Information triage is the process of sorting through relevant materials, and organizing them to meet the needs of the task at hand. It is a practice that has become increasingly common with the advent of "at your fingertips" information resources. To explore the characteristics of information triage and its interaction with spatial hypertext, a medium we claim supports the process, we have studied subjects engaged in a time-constrained decision-making task using a large set of relevant documents. We use the study task to investigate information triage under three different conditions: one in which the participants used paper documents, and two others in which the participants used variants of VIKI, a spatial hypertext system. Our findings suggest that during information triage attentional resources are devoted to evaluating materials and organizing them, so they can be read and reread as they return to mind. Accordingly, hypertext tools to support the practice should facilitate the rapid assimilation and assessment of new material, aid in the creation and management of a fluid category structure, allow readers to track their own progress through the information, and use minimum-effort methods to promote the intelligibility of results.
Keywords: Information triage, Analysis, Information workspaces, Qualitative study, Gathering interfaces, Spatial hypertext, VIKI, Digital libraries

Case Studies

A Large-Scale Hypermedia Application using Document Management and Web Technologies BIBAKPDFPDFHTML 134-145
  V. Balasubramanian; Alf Bashian; Daniel Porcher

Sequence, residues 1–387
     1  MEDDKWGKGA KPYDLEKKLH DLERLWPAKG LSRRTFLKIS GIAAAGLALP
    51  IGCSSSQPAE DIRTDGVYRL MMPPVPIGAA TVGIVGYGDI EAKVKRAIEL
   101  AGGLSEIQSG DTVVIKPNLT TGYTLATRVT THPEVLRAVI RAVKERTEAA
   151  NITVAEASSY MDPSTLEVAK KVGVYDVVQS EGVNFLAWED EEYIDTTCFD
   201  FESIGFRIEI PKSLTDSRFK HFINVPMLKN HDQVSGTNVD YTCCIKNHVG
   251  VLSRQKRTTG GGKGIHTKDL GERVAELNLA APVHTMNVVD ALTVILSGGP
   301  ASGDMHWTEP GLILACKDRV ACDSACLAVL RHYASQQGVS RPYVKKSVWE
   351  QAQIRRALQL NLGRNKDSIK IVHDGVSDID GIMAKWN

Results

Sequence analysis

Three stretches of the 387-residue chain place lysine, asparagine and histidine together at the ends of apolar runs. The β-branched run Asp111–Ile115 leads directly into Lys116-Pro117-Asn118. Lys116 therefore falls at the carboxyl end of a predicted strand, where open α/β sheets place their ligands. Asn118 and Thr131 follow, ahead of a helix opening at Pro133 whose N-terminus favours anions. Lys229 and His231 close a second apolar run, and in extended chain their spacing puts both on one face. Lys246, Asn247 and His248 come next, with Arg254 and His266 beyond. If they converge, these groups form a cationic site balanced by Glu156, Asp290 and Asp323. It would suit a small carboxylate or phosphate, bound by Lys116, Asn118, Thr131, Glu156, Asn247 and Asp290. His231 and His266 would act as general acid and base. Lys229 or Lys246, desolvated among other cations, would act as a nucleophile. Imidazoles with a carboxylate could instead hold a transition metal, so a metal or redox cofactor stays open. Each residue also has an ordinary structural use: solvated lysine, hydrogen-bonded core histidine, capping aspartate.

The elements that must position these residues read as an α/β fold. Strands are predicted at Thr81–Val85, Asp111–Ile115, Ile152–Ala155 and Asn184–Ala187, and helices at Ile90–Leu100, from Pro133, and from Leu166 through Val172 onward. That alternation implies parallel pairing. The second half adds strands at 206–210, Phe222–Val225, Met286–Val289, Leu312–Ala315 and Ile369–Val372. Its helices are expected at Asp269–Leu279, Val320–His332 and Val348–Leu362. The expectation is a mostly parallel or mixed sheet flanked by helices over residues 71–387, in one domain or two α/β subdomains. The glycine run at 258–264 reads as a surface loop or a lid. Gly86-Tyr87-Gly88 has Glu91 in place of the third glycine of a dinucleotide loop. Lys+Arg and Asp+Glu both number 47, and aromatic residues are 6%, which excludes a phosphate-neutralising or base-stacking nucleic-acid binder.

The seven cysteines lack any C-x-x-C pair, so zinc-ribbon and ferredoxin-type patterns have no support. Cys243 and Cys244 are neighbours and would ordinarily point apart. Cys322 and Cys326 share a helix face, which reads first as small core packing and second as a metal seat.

Merrill Lynch has initiated a major effort called the Trusted Global Advisor to provide instantaneous access to current financial information to about 20,000 financial consultants and other professionals across the corporation. As part of this effort, marketing information about products and services will be delivered to financial consultants, clients, and the general public through an intranet and the Internet. A number of researchers have reported on the requirements for industrial strength hypermedia. In this paper, we present a case study on how we have designed a large-scale hypermedia authoring and publishing system using document management and Web technologies to satisfy our authoring, management, and delivery needs. We describe our systematic design and implementation approach to satisfy requirements such as a distributed authoring environment for non-technical authors, templates, consistent user interface, reduced maintenance, access control, version control, concurrency control, document management, link management, workflow, editorial and legal reviews, assembly of different views for different target audiences, and full-text and attribute-based information retrieval. We also report on design tradeoffs due to limitations with current technologies. It is our conclusion that large scale Web development should be carried out only through careful planning and a systematic design methodology.